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Cauliflower Food Facts

Cauliflower food facts

Cauliflower traces its ancestry to the wild cabbage, a plant thought to have originated in ancient Asia Minor, which resembled kale or collards more than the vegetable that we now know it to be.

Cauliflower gained popularity in France in the mid-16th century and was subsequently cultivated in Northern Europe and the British Isles. The United States, France, Italy, India and China are countries that produce significant amounts of cauliflower.

Lacking Chlorophyll

Cauliflower lacks the green chlorophyll found in other members of the cruciferous family of vegetables like broccoli, cabbage and kale, because the leaves of the plant shield the florets from the sun as they grow. It has a compact head (called a "curd"), usually about six inches in diameter that is composed of undeveloped flower buds. The flowers are attached to a central stalk.

Cauliflower and other cruciferous vegetables, such as broccoli, cabbage, and kale, contain compounds that may help prevent cancer. These compounds appear to stop enzymes from activating cancer-causing agents in the body, and they increase the activity of enzymes that disable and eliminate carcinogens.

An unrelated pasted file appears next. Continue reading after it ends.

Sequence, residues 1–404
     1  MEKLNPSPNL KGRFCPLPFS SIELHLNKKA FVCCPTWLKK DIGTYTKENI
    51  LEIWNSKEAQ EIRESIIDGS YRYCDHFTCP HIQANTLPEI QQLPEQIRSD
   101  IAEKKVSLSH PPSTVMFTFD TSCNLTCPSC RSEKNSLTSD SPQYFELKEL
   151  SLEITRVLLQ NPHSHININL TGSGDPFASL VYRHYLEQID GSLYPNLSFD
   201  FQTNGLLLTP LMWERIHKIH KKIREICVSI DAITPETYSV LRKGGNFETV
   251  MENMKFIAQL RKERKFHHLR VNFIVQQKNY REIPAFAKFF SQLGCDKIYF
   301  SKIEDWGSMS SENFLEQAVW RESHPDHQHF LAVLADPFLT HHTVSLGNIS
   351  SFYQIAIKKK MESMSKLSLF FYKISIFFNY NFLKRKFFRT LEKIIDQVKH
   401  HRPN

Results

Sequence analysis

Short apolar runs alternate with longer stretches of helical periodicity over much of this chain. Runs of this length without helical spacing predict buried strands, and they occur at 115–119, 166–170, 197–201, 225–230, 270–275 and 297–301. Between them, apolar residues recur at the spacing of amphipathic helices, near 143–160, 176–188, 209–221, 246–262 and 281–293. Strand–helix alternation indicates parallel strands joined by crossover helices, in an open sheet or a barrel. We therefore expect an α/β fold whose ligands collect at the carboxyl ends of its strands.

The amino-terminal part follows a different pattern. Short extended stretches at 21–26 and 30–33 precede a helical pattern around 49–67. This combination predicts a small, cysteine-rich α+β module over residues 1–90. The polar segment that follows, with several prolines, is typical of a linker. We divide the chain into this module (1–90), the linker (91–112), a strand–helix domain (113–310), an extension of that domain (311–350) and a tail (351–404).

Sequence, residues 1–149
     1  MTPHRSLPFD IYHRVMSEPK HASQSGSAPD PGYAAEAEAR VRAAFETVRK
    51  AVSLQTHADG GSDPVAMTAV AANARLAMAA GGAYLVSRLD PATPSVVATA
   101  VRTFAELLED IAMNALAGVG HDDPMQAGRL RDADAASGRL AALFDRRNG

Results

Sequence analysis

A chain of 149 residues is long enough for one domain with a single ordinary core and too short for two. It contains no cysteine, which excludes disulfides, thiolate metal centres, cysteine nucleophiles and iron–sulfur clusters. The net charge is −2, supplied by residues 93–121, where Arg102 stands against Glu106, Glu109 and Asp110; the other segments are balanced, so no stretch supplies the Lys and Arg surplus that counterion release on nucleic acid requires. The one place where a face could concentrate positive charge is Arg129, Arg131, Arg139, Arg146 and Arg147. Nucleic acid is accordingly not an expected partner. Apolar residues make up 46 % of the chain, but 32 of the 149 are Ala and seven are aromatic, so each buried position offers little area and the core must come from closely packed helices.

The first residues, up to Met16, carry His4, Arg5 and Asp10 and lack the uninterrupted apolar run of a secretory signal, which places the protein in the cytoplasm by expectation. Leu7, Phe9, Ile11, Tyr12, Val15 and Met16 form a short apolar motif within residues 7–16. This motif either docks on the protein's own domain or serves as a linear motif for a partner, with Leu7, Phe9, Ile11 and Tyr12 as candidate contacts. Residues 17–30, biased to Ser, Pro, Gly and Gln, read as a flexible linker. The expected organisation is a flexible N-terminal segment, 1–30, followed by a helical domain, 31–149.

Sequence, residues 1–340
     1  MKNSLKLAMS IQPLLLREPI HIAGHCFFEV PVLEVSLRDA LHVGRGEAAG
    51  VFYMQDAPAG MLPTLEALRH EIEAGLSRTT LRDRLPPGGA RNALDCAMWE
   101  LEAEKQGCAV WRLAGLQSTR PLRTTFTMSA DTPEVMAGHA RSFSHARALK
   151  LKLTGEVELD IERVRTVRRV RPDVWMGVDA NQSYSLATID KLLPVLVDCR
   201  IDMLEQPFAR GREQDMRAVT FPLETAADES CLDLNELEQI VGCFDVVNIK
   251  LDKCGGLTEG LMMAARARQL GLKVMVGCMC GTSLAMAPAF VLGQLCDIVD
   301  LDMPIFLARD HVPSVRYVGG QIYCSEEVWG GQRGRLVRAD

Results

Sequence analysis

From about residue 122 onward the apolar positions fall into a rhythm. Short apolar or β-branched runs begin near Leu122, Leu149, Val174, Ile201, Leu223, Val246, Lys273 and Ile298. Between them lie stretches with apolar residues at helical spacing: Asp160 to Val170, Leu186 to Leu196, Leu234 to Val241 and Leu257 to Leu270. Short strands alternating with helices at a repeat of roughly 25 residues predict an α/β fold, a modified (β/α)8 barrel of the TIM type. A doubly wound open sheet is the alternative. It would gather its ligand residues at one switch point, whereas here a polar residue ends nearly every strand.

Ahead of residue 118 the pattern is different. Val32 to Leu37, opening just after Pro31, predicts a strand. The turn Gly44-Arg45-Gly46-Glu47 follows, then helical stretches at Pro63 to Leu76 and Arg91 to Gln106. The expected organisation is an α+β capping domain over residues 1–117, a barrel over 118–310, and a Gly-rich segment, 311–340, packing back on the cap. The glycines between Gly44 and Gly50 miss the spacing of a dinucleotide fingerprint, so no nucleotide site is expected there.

Spicing Cauliflower with Turmeric May Promote Men's Health

Prostate cancer -- the second leading cause of cancer death in American men with 500,000 new cases appearing each year -- is a rare occurrence among men in India, whose low risk is attributed to a diet rich in Brassica family vegetables and the curry spice, turmeric. Researchers believe the combination of cruciferous vegetables and curcumin could be an effective therapy not only to prevent prostate cancer, but to inhibit the spread of established prostate cancers. Best of all, this combination -- cauliflower spiced with turmeric -- is absolutely delicious!

Fresh head of cauliflower

Cauliflower Quick Facts

  • Cauliflower is best when purchased from September through January, but available year round. Cauliflower should have compact flower clusters (florets or curds) with green leaves. Do not purchase if flower clusters are open. If there is a speckled surface, this is a sign of insect injury, mold or rot. Store cauliflower in the refrigerator.
  • To keep cauliflower white during cooking, add lemon to the water. Overcooking tends to darken cauliflower and make it tougher.
  • Due to certain chemicals in cauliflower it is best not to cook it in an aluminum or iron pot. Contact with these metals will turn the cauliflower yellow, brown or blue-green.
  • When you boil cauliflower, add a piece of white bread to eliminate the odor. Another method is to replace the water after is has cooked for 5 to 7 minutes.
  • Prior to cooking cauliflower, you should soak it head down for approximately 30 minutes in salted water to remove the grit and insects.
  • If cooked too long, cauliflower will lose all of its B vitamins.

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